8. Following the 9/11 attacks on USA, Pakistan's foreign Policy took a U-turn after the American President George W. Bush told President Musharraf that "either you are with us or against us" on war against terrorism. Pakistan abandoned the Taliban's in Afghanistan and cooperated fully with the US and its allies by making air bases available, sharing intelligence and providing logistics to USA.
  9. Contd. • The terrorist attacks of September 11 on the United States have qualitatively transformed Pakistan- U.S. relations. Pakistan has moved from the margins of U.S. foreign policy to center stage and has become a key player in the war on terrorism • This is a reflection both of Pakistan's pivotal geostrategic position in the region and the Islamic world, and of the key decision made by Pakistani president Pervez Musharraf to join the international coalition against terrorism.
  10. The War on Terrorism • There is a widely held but erroneous belief in the United States that after September 11 Pakistan had to be coerced to join the war on terrorism. In fact, counterterrorism cooperation between the two countries had already been underway for more than a decade.
  11. Afghanistan and Central Asia • The United States needs to signal its commitment to sustained engagement in Afghanistan. With a hostile India to the east, Pakistan has consistently sought a stable and friendly Afghanistan to the west to avoid having enemies on two fronts. • Pakistan's Afghan policy has also been guided by the need to ensure the safe return of 3 million Afghan refugees and end the inflow of terrorists and arms into Pakistan.
  12. Conclusion: The Way Forward • The September II tragedy has acted as a catalyst to revitalize Pakistani -U.S. relations. Thus far, their counterterrorism cooperation has achieved major successes. • The critical decision made by President Musharraf to join the international coalition against terrorism and the pursuit of his vision for Pakistan have added to Pakistan's significance as a pivotal country, both at the crossroads of South and Central Asia and within the Muslim world.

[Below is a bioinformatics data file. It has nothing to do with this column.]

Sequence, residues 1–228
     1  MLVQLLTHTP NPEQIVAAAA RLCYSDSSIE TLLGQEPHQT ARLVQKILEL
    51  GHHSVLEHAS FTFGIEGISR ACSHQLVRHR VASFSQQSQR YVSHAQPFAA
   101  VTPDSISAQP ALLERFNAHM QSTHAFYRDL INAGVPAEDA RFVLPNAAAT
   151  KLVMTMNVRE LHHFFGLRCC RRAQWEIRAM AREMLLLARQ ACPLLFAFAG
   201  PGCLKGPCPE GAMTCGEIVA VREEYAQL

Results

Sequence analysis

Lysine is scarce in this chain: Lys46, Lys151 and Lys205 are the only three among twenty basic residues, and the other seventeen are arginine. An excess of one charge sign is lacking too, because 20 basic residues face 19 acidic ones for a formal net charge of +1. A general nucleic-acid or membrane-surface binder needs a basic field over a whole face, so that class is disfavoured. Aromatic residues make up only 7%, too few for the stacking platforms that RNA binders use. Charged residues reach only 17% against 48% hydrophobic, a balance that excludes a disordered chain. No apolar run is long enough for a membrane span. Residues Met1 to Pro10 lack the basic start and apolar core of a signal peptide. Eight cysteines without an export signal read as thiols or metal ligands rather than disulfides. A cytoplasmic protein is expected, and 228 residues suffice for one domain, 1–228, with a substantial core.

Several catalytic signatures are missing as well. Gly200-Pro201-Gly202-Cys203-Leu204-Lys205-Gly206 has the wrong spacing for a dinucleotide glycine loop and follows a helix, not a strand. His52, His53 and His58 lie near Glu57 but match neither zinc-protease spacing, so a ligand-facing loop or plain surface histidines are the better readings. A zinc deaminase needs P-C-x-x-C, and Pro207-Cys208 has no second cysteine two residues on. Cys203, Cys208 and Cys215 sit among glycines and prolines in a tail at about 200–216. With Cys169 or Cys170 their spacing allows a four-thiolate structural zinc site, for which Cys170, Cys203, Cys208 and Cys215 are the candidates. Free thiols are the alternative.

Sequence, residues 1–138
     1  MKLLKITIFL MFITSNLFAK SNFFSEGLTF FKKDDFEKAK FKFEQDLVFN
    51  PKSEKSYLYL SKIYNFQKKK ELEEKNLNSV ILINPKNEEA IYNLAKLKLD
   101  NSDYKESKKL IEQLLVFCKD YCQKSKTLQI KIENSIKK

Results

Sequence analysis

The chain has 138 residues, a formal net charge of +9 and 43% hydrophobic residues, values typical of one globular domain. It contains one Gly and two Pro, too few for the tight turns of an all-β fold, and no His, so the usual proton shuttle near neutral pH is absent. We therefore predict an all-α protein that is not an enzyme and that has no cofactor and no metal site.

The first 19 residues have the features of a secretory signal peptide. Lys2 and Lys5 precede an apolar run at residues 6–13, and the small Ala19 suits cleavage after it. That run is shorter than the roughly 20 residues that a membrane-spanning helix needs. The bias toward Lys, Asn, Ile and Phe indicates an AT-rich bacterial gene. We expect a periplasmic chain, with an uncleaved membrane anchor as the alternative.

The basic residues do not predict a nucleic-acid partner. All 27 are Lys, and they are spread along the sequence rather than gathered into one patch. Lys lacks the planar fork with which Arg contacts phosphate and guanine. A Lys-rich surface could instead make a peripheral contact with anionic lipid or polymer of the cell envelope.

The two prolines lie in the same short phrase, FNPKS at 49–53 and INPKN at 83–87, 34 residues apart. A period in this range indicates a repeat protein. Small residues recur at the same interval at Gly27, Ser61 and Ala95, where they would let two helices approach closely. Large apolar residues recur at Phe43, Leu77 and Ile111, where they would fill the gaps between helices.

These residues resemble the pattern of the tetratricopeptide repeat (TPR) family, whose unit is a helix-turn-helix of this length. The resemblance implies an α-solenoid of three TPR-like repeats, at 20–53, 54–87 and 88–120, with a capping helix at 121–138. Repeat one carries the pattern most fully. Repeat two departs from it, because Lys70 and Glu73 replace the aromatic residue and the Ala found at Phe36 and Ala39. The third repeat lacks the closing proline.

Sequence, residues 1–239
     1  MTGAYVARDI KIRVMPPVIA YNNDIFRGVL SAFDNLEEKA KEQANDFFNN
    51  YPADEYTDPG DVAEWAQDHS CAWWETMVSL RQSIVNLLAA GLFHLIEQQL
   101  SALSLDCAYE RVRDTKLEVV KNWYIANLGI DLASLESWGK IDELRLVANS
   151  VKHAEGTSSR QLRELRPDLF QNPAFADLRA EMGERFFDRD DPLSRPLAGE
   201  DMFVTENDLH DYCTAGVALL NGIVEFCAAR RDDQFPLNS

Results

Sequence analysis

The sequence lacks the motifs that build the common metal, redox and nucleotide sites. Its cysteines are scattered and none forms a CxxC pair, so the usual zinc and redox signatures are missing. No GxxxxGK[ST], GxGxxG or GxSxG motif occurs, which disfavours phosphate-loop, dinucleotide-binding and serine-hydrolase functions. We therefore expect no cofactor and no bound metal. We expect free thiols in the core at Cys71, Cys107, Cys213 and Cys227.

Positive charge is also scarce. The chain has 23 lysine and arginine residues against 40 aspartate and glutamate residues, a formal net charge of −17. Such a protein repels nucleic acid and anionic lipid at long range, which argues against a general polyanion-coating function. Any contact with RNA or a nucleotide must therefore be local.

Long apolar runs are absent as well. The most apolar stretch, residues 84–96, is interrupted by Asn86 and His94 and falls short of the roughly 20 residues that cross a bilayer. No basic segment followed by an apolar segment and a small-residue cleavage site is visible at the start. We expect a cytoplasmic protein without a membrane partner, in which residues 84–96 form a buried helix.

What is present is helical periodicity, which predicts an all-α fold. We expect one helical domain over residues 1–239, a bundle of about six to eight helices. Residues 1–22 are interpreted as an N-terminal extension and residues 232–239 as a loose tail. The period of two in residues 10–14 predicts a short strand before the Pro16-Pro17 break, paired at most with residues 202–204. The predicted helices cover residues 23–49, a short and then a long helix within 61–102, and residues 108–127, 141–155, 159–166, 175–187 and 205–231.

13. Contd. • Six months into the Biden administration, amid the U.S. withdrawal from Afghanistan and increasing violence on the ground there, the U.S.-Pakistan relationship stands in uneasy limbo. Pakistan has indicated repeatedly that it wants the relationship to be defined more broadly than about Afghanistan — especially based on “geo- economics,” its favored current catch-all for trade, investment, and connectivity — and has insisted that it doesn’t want failures in Afghanistan to be blamed on Pakistan. • At the same time the U.S. has made it clear that it expects Pakistan to “do more” on Afghanistan in terms of pushing the Taliban toward a peace agreement with the Afghan government. Pakistan responds that it has exhausted its leverage over the Taliban. The result is a relationship with the Biden administration that has been defined by Pakistan’s western neighbor, as has been the case for U.S.-Pakistan relations for much of the last 40 years. And the situation in Afghanistan may define the future of the relationship as well.